Neisseria gonorrhoeae: Drug Resistant Gonorrhea

Gonorrhea is a sexually transmitted disease (STD) caused by infection with the bacterium Neisseria gonorrhoeae. One of the most frequently reported infectious disease in the world, it has developed resistance to nearly all antibiotics used for treatment over the last 80 years. An estimated 820,000 infections occur in the US each year.

The Pathogen

Neisseria gonorrhoeae is a Gram negative, diplococcus shaped bacterium, that only colonizes humans. It is never present in normal flora, but has a high prevelance for disease with low mortality. N. gonorrhoeae infections start by the bacteria attaching to epithelial cells. The bacteria then penetrates the cell and multiplies inside. Bacterium inside the human cells produce an endotoxin called LOS, of which it can make many different types, that triggers an intense inflammatory response thoguht to be responsible for most of the symptoms of gonorrhea. The release of the LOS toxin does attract neutrophils who feed on the bacteria, but N. gonorrhoeae can survive inside the neutrophil. LOS can be released in "blebs", fragments of the bacteria's outer membrane released while the bacteria grows.

Gonorrhea the Disease


N. gonorrhoeae infects and grows rapidly in mucous membranes, especially in the reproductive tract (cervix, uterus, fallopian tubes, rectum, and the urethra) but also the mucus membranes in the mouth, throat, and eyes. The bacteria is spread through sexual contact (vaginal, anal, and oral), or from mother to child at birth. Gonorrhea infections can happen to any sexually active person, but sometimes are asymptomatic, leading to up to 1/2 of all infections going unreported. Left untreated, gonorrhea infections can lead to serious health problems. Women whose infection spreads to the uterus or fallopian tubes causes pelvic inflammatory disease (PID), which can lead to chronic pelvic pain, internal abcesses, infertility, and ectopic pregnancies. Infected men who go untreated are at risk of epididymitis, which can lead to infertility. Untreated gonorrhea can also spread into the bloodstream and cause disseminated gonoccal infection (DGI), a potentially life threatening condition characterized by arthritus, tenosynovitis, and dermatitis. Gonorrhea infections also increase the risk of getting HIV and spreading HIV to others.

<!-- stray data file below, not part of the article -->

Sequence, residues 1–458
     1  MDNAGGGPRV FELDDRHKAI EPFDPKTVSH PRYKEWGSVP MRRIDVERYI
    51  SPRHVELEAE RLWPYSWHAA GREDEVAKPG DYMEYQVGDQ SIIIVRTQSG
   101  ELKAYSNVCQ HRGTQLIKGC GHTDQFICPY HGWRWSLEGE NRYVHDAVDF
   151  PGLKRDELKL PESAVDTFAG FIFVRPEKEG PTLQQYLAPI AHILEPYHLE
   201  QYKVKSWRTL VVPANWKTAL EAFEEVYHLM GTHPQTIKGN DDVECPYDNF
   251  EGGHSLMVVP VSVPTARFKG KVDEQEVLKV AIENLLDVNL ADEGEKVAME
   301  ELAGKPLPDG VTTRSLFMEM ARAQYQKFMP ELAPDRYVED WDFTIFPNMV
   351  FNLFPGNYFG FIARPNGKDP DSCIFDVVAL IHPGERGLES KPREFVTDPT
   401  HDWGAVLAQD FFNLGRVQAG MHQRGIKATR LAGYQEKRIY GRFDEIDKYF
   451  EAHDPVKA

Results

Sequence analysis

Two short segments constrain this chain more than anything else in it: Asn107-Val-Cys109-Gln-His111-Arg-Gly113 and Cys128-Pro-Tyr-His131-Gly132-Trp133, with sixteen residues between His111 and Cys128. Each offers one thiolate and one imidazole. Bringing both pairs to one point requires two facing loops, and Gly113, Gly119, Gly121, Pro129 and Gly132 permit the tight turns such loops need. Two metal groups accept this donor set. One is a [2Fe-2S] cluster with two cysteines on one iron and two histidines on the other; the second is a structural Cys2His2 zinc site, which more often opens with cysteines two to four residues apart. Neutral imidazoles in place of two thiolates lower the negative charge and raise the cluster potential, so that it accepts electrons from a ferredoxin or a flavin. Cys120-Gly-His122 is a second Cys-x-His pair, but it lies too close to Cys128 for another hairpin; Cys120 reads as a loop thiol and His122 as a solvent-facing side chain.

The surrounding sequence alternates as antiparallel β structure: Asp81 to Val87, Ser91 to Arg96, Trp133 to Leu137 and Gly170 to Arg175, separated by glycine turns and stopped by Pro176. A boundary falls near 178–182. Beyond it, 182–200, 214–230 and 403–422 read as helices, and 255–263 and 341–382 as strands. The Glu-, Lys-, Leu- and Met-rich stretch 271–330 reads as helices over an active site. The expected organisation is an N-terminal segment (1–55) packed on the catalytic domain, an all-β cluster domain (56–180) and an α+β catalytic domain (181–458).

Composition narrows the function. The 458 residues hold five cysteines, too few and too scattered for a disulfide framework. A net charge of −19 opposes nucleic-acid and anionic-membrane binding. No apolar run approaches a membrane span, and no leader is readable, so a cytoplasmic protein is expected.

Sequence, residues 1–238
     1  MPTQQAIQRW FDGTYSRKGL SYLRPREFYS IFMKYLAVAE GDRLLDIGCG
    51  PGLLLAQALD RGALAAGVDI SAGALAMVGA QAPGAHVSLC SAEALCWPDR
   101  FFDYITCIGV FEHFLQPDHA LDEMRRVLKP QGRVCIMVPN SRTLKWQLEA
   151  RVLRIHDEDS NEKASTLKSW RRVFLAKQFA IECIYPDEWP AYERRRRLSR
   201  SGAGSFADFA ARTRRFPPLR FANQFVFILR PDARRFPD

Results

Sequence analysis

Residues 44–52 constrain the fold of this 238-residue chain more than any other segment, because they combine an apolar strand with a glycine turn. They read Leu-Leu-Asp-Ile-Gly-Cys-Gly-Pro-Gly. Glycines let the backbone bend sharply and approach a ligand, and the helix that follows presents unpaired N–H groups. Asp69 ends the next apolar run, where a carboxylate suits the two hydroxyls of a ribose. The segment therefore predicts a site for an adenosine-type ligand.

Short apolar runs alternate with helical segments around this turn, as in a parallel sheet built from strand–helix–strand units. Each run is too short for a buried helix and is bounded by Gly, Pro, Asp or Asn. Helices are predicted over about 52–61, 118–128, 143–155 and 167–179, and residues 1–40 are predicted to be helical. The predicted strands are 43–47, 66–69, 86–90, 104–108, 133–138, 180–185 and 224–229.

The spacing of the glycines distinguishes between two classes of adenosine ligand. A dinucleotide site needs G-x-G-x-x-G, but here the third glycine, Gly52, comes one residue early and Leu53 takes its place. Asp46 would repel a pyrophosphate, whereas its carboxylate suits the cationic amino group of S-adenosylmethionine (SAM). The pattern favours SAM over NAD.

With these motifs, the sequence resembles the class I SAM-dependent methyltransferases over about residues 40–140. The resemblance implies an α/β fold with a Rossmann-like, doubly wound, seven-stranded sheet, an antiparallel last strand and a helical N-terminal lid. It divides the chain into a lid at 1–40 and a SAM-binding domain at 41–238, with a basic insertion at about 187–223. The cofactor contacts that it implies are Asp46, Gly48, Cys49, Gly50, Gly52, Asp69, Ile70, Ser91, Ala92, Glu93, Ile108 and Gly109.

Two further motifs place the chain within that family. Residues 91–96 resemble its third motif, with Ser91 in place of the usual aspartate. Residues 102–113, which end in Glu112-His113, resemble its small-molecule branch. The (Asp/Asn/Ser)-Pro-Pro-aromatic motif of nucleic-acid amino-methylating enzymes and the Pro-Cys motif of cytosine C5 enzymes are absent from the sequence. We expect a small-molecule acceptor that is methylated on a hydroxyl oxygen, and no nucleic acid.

Antibiotic Resistant Gonorrhea

Gonorrhea has developed resistance to many antibiotics used for treatment, including sulfonamides, penicillins, tetracycline, and ciprofloxacin. 30% of reported infections are resistant to at least one drug. In 2006 there were 5 recommended treatment options, but now there is only one treatment option remaining due to resistance to the antibiotics that we used to use for treatment. The current (and last available) treatment is a dual aproach of azithromycin and ceftriaxone, but resistance is already being reported for both drugs. In Japan in 2008, a strain of gonorrhea was found to be resistant to all reccomended antibiotics, indicating that soon we will be without a treatment option.


Smarter than your average cocci 

Gonoccoci are known for "stealing" sialic acid from human cells and using it as a disguise from immune cells, who have sialic acid receptors. When immune cells interact with sialic acid coated bacteria, the immune response is dampened, allowing the bacteria a foothold into the body. CHARM Investigators have now discovered that gonorrhea doesn't need the sialic acid afterall, it has it's own protein that can bind the sialic acid receptors.

Read the article from Evolutionary Applications